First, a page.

6, October 2020
US: Democrats slam Trump for setting ‘dangerous’ example as infected president returns to White House 0
US President Donald Trump has come once again under scrutiny for downplaying the seriousness of the coronavirus — this time his own illness — as he returned to the White House after less than three nights in hospital for COVID-19 treatment, calling on people not to be afraid of the virus that has killed more than 210,000 people in the US.
Democrats have slammed Trump of rushing his release for the sake of politics, accusing him of politicizing his illness, with House Speaker Nancy Pelosi saying he might become “a long-hauler”, someone who experiences longer-term consequences.
“He should not be dealing with it politically to make it look like he overcame the virus because he’s had such good policies,” Pelosi said. “He has been very destructive and dangerous to the country.”
Trump was admitted to the Walter Reed Medical Center on Friday after being diagnosed with COVID-19, the disease caused by the novel coronavirus.
He left the hospital on Monday and went back to the White House, where he is expected to continue his recovery, according to his doctor.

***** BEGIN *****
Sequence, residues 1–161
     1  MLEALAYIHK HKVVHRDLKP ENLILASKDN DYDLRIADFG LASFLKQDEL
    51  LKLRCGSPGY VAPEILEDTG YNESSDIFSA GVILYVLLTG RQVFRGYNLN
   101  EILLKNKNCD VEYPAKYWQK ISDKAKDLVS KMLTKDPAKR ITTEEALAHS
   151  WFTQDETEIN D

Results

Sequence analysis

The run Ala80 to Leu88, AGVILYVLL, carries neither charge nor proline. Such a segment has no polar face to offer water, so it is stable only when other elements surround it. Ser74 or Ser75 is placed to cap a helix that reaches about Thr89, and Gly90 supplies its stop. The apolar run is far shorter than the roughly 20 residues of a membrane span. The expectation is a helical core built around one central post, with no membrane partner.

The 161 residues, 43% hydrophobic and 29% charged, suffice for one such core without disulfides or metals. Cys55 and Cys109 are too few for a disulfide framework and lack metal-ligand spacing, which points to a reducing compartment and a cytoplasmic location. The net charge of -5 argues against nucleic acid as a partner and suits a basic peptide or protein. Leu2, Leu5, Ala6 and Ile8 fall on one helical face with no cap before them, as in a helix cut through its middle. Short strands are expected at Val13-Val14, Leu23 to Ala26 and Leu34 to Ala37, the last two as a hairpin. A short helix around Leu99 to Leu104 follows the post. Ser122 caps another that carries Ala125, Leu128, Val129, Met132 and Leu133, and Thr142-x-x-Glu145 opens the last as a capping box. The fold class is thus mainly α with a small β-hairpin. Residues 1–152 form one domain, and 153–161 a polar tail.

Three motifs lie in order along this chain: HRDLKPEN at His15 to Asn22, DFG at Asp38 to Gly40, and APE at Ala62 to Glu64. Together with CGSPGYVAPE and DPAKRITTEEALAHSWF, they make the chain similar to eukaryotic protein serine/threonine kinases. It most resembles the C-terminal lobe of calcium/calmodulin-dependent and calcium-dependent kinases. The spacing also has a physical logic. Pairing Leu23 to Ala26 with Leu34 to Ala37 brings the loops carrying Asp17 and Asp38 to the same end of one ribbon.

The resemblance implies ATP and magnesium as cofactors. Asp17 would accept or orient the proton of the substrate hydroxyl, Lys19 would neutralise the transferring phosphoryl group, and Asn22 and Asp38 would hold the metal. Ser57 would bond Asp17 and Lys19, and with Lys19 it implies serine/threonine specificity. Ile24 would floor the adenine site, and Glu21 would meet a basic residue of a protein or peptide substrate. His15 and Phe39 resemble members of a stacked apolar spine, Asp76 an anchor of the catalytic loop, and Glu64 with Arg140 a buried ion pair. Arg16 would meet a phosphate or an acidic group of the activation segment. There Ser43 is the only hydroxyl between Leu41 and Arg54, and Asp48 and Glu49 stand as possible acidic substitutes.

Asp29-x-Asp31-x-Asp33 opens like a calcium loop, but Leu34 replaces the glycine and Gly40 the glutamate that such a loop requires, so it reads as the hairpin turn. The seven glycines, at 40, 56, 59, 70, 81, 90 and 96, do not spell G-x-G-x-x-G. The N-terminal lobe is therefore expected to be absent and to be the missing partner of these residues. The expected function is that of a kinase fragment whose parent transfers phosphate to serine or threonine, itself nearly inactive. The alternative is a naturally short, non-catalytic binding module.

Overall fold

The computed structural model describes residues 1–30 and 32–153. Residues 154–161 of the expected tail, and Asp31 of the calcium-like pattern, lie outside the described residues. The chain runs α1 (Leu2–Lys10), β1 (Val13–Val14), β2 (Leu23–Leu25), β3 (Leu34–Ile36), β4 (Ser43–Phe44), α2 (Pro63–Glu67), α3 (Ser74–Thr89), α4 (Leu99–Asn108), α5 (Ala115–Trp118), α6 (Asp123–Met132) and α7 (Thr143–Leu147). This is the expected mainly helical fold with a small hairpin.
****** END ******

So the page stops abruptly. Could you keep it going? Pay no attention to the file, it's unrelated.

The president tweeted before leaving the hospital that he “will be back on Campaign Trail soon.”
“Don’t let it dominate you. Don’t be afraid of it,” Trump said in a recorded video message.
“We’re going back, we’re going back to work. We’re going to be out front. … Don’t let it dominate your lives. Get out there, be careful,” Trump said.
His campaign spokesman Tim Murtaugh said the president plans to participate in the second presidential debate, to be set in Miami, on October 15.
This has raised concern among health experts, including within his own administration, and drew criticism from politicians, including both Democrats and Republicans, who described his latest remarks on the disease as “irresponsible” and “shocking.”
“COVID-19 is something that is killing a lot of people. And it’s definitely a threat to people’s overall health,” said Otto Yang, a professor of infectious disease at the University of California.
“I think it’s up to the individual to judge if that’s something to be afraid of or not,” he added.